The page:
Not to be confused with the short coverage gap exemption under the Affordable Care Act (ACA), or Obamacare, which allows for less than three consecutive months without coverage in a year sans penalty – gap health insurance is designed to account for gaps in your health insurance coverage. If you find yourself paying for a lot of out-of-pocket medical expenses, despite the fact that you have a primary health insurance plan that is compliant with ACA regulations regarding mandatory minimum essential coverage, you might be interested in filling the gap with a supplemental insurance policy. This is where gap health insurance comes into play.
It’s important to note that gap health insurance, like other supplemental policies (short-term or temporary health insurance, for example), does not meet the standards for minimum essential coverage. You cannot rely on this type of policy alone to remain in compliance with ACA standards and avoid penalties. That said, gap insurance could be extremely useful in a supplemental capacity. Why would you want it, though, if you already have a compliant, primary health insurance policy in place?
The insurance policy you choose through an employer-sponsored plan, the healthcare marketplace, or a private insurance provider will determine what you are expected to pay out-of-pocket for healthcare. Costs will include insurance premiums and deductibles, but your plan may also include co-pays or coinsurance. In addition, there may be healthcare services that aren’t covered by your policy, or you might have maximum payout amounts for certain benefits (deemed non-essential), after which you are responsible for some or all of your medical expenses. It is for such costs that gap health insurance was created.
Is it worth paying for a second health insurance policy to account for out-of-pocket medical expenses not covered by your primary insurance plan? This will depend largely on your particular situation. If you suffer extensive and/or ongoing medical needs and your out-of-pocket costs are exceptionally high, it’s likely that adding a relatively low-cost gap insurance policy to your existing health insurance plan is worth your while. If, on the other hand, you’re relatively healthy and you have no planned medical expenses on the horizon, you might be spending money needlessly by purchasing gap insurance. Or maybe you want the peace of mind that comes with total coverage and you’re willing to pay for it. It all depends on your preferences and situation.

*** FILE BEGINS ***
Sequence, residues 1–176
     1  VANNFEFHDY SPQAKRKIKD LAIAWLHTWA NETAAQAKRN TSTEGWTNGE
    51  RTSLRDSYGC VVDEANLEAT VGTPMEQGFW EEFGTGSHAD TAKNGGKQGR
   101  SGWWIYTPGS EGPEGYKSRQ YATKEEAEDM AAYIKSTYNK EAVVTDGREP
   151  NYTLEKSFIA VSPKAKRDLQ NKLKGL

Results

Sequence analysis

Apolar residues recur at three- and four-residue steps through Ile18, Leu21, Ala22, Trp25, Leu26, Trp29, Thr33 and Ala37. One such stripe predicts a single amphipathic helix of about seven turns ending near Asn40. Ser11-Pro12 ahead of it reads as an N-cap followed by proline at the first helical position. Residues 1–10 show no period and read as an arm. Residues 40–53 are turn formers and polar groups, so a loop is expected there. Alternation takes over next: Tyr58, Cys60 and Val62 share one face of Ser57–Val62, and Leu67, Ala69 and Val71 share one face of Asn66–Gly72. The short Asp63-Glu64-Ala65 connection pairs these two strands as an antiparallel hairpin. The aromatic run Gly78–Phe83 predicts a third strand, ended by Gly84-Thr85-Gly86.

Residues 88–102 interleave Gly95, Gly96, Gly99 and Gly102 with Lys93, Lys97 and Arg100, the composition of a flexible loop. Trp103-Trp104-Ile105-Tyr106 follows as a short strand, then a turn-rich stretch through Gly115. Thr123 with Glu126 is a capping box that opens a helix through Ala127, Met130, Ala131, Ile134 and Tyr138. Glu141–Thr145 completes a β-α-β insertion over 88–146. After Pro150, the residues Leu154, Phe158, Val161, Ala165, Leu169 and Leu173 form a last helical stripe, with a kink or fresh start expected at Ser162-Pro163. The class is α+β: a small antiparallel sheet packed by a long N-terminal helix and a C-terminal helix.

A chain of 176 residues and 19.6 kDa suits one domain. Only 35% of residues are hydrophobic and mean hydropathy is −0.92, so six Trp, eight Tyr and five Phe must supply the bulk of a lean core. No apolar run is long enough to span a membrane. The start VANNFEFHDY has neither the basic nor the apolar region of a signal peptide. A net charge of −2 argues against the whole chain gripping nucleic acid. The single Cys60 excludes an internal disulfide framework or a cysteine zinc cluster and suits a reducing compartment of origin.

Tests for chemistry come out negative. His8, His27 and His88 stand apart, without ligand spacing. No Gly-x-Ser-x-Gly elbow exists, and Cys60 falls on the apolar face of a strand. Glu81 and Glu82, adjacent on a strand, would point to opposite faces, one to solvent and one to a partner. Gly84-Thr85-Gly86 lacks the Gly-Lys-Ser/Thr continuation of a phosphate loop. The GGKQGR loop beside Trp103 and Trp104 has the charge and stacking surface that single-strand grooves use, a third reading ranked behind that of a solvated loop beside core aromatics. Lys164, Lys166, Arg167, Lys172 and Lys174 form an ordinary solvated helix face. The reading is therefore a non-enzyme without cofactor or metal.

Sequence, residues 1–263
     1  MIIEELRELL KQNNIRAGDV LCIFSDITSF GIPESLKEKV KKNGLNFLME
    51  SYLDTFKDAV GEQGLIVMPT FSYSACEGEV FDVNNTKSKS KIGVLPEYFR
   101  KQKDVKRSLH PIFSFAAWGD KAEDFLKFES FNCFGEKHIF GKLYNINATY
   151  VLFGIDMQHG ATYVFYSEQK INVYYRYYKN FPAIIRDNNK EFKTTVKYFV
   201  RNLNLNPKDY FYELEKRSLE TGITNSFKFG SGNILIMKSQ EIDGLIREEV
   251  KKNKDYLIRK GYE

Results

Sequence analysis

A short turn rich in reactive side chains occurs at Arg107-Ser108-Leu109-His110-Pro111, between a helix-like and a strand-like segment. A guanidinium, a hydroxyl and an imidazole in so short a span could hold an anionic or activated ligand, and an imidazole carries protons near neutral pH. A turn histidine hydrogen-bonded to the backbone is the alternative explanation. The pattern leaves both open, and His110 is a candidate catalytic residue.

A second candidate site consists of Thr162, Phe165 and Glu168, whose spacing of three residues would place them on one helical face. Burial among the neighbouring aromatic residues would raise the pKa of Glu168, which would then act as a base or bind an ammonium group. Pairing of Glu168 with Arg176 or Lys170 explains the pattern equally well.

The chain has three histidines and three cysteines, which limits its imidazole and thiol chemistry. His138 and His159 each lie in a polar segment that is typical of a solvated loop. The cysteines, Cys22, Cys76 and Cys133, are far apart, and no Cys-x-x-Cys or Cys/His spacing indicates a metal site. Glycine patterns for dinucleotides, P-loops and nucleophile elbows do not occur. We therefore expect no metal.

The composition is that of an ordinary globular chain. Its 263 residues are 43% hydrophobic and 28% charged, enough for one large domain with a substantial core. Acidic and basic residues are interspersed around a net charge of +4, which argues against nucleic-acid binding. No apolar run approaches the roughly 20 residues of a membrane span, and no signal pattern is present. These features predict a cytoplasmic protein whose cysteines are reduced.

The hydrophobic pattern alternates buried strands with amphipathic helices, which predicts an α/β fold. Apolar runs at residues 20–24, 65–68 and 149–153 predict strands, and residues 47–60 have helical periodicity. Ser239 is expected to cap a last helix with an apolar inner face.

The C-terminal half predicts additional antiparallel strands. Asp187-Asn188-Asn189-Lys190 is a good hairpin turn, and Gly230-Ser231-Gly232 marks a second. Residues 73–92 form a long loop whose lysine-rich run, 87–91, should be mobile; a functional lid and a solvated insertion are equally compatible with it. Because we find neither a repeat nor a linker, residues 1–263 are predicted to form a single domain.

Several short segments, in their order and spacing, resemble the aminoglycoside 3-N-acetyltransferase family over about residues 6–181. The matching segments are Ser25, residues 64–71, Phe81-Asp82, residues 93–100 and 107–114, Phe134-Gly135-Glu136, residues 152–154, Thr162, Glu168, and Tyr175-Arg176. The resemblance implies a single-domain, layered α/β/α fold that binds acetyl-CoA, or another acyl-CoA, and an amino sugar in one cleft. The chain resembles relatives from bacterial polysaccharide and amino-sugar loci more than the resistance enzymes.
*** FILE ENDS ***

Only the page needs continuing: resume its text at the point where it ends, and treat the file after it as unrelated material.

Often, the people most likely to pay for additional, supplemental insurance are those whose primary health insurance policies come with high deductibles. If you opt to lower your premiums by accepting a high deductible and/or high co-pays or coinsurance amounts, you could end up with a pretty hefty bill on your hands should you need extensive medical care. With gap coverage you could reduce this burden significantly, and at little extra ongoing expense.
Of course, you’re virtually gambling that you’re going to face illness or injury that will make this extra coverage worthwhile, which is why most people only elect to pay for gap health insurance if they have known upcoming medical expenses. For certain people, gap insurance can make a world of difference, but it’s not for everyone and it cannot replace your primary health insurance policy.
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